Because once our students get to know and love a character who is transgender, they will be more open to getting to know and coming to love a human being who is transgender. Once we bring into our classrooms books that have characters who are transgender, our students will have stories that contradict the hateful messages that they might hear elsewhere and they will have another way to think about people who exist in our world. Once we share and discuss with our students books that are about transgender people and characters, then our students will know the language that should be used when talking about people who are transgender and they will no longer feel the need to stay silent for fear of offending someone. Once we read out loud the stories of people who are transgender, then our students will have a greater sense of empathy and an increased desire to speak up and defend those people who are being forced to stay silent about who they are.
And then there are the children who are transgender themselves. Those who we know are transgender and those we don’t. I know how much all of the hate in this world hurts my own, grown-up heart. It is hard for me to imagine how much it must hurts the hearts of transgender children growing up in today’s world. How scary it must be.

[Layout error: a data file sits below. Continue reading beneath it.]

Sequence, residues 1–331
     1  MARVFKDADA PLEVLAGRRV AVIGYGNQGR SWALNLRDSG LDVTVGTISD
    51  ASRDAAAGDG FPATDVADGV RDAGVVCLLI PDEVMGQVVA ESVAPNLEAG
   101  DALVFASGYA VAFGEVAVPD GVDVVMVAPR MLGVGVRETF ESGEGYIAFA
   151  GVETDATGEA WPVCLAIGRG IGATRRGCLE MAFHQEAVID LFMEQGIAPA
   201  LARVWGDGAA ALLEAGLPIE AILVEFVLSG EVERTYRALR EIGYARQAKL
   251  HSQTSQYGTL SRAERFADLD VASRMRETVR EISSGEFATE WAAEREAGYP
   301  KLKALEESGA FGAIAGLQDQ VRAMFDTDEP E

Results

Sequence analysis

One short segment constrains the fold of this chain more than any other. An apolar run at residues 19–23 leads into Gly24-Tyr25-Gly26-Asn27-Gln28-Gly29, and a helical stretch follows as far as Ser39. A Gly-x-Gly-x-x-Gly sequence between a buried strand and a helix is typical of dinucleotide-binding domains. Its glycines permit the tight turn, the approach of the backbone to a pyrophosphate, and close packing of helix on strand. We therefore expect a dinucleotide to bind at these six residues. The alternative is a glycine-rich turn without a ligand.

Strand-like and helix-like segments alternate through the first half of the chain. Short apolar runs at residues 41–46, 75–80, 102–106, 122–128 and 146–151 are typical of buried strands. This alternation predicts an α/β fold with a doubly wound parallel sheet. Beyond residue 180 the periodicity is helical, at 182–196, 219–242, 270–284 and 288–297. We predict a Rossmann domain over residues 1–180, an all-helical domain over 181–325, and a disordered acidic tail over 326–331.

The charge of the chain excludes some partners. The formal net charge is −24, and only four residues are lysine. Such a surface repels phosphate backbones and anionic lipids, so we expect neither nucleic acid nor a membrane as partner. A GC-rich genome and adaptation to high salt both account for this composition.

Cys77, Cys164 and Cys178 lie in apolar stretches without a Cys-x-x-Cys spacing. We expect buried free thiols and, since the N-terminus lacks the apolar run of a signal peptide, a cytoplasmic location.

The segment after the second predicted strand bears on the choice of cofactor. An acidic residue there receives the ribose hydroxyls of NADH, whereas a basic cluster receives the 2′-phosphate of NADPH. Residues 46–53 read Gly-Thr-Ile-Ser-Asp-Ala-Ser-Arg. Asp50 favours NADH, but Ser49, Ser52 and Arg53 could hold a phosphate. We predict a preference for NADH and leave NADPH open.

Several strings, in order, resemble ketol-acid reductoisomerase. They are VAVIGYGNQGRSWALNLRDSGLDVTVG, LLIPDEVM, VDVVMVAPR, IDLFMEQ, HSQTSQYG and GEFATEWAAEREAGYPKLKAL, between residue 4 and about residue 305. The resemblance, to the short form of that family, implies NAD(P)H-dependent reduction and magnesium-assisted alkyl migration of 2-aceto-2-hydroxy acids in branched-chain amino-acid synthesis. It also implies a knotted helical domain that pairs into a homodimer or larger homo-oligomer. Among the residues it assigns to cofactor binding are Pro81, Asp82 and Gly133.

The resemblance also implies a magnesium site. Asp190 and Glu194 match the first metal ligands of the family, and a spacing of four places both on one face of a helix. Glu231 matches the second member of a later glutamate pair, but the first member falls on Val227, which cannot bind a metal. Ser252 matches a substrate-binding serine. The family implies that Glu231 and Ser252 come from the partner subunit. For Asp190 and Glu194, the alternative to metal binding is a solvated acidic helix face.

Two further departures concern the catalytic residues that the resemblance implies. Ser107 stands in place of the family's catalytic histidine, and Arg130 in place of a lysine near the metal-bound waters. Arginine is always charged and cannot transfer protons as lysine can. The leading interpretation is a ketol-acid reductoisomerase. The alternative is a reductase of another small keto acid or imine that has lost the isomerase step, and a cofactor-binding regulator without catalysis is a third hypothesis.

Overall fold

But then I think about what would happen for a child who is transgender who sees a teacher reading a book that shares a story that is similar to their own. Think of the power of that read aloud. Think of the power that one book and one teacher could have for that child. Think of the message that would send to that one child about this world and that child’s place in it.
So while there is hate that fills this world, we must remember that there is also love. While we exist in a time of hateful legislation, we also exist in a time of incredibly powerful and beautiful books. Books that feature transgender characters and transgender people exist for children and adults of all ages. We now have more access to books with transgender characters than we ever have had before. Now we must simply choose to bring these books into our classrooms and bring these characters into the lives of our students.